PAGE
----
You are right, I have been doing this for a long time. I used to be in touring bands and did things in a pretty straight forward and traditional way. The whole time I was doing that I was sitting on this huge story idea, developing the narrative and context, mostly keeping it to myself, but I found it impossible to prevent it from creeping its way into everything else I was doing. Sometimes even to the annoyance of people I was playing with haha. I think they would get sick of me talking about it.
Eventually, I got pretty exhausted with the whole grind of playing shows, touring, packing equipment around – all the trappings of a traditional band – and I needed to escape that by doing something very different. So, it’s not really a matter of finding the drive and inspiration – it’s more of a matter of finding the time to do all the things I want to do in the time I have left. There are so many facets to this project I don’t think I could accomplish them all in two lifetimes, let alone within what’s left of the one I am living now. So, it’s kind of… I just keep on working, trying to get as much of it done as I possibly can. From a creative standpoint, it has been incredibly liberating. It feels like I am finally able to do all the things I want to do, the way I want to do them. It has made me love making music again, after having almost given it up.
How is your local music scene in your perspective? Do you feel like you belong there?
Honestly, I am pretty out of touch with the local music scene in many ways. There are bands and artists I like, whom I try my best to support but I just don’t get out that much anymore. Boise has always been sort of a small town, with a very tight community. It’s grown a lot since I have lived here, and changed a lot too.
The first shows I went to as a teenager were these punk rock shows that were being held in grange halls and community buildings. I once saw that Canadian punk band “SNFU” at the local senior citizens center, no joke. That eventually evolved into the scene as people know it today.
As far as feeling like I “belong” well that’s a very complicated question to answer. Yes, and no. Making music in the late ’80s and early 90’s you know, Seattle grunge was what was really getting attention so that is what everybody always wanted to do. I’d get into a band and it was just sort of this unspoken thing that we all aspired to play that sort of stuff. But I was a little different, as you can expect of a kid who was more into The Residents than Pearl Jam. I always wanted to do something different – I loved “art rock” and experimental industrial noise rock, my tastes were more varied and avant-garde than most people I knew. I had a drum set at one point that was made almost entirely out of scrap metal junk, which I had salvaged out of alleyways. How do you reconcile that sort of thing with what was happening in the scene at the time? The answer is, you don’t.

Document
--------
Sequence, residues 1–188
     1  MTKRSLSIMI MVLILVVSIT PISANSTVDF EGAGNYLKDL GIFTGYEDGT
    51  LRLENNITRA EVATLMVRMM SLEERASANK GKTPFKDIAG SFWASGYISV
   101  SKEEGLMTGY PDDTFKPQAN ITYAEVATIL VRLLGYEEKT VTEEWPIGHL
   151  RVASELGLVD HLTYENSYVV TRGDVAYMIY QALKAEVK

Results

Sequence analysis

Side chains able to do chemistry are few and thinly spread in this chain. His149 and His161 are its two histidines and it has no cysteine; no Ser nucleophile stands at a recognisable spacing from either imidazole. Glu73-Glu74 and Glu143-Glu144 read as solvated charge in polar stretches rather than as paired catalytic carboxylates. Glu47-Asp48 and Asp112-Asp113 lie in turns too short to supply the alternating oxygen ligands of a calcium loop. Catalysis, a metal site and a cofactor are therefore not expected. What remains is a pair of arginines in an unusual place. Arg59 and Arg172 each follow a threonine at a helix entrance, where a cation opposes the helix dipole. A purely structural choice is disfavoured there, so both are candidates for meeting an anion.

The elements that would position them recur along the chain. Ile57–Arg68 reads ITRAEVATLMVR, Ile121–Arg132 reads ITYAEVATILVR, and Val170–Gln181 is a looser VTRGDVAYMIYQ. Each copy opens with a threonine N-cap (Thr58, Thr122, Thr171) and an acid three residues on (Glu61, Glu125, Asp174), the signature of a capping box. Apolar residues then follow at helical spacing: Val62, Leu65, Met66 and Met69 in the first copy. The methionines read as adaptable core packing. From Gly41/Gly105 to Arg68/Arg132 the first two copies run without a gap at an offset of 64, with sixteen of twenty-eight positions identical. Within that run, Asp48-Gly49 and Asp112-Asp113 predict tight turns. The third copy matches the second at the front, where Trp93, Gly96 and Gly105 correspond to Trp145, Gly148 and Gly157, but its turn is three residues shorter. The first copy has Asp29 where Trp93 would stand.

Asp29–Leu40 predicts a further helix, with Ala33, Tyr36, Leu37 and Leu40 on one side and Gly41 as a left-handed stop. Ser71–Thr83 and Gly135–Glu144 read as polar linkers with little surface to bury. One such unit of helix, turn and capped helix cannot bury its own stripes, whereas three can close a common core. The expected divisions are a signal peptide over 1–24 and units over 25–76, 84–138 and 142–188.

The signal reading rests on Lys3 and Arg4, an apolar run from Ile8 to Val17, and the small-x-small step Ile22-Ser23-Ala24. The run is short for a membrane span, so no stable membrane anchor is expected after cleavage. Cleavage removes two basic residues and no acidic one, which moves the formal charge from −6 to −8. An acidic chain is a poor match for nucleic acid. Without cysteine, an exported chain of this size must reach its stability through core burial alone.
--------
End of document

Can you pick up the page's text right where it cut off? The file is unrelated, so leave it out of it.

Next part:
You got into a band doing virtually the same thing as everyone else and you waited for that moment when you found the right people who understood what you wanted to do. In my case, that moment never really came until much, much later after the whole grunge thing finally settled down a bit. So, in a sense, I never really felt like I “belonged” in the music scene here at all, but at the same time, I was a pretty integral part of it.
What is your all-time favorite record and how did it change you as an artist?
I’d have to say my all-time favorite record would be “Cultosaurus Erectus” by Blue Oyster Cult. It had a collaboration with sci-fi comic writer Michael Moorcock, it had a saxophone jazz break on one song, it was just this weird, out of character record for them that I thought was just brilliant in so many ways. This is a tough question to answer so, I am just shooting out an answer here, but I definitely wore the grooves out on that record, and many more, a few times. It was kind of their most “arty” record. They were my favorite band for many years. The thing about that band that I loved the most was the “hidden narrative” behind many things they did, and there were clues on every record. Bits and pieces of an untold story that finally culminated for them, at least in part, with their “Imaginos” concept record. The thing is, they kind of got screwed on that record and there were a lot of unfortunate band politics going on for them at the time which ultimately led to the album not being understood by the label, and it really got messed up in terms of the narrative it was trying to convey. I was very excited that they were finally doing this record I had waited for them to do for many years, only to have it end up being kind of a disappointment in the end because it got so jacked up. Otherwise, I would probably be saying that was my favorite record.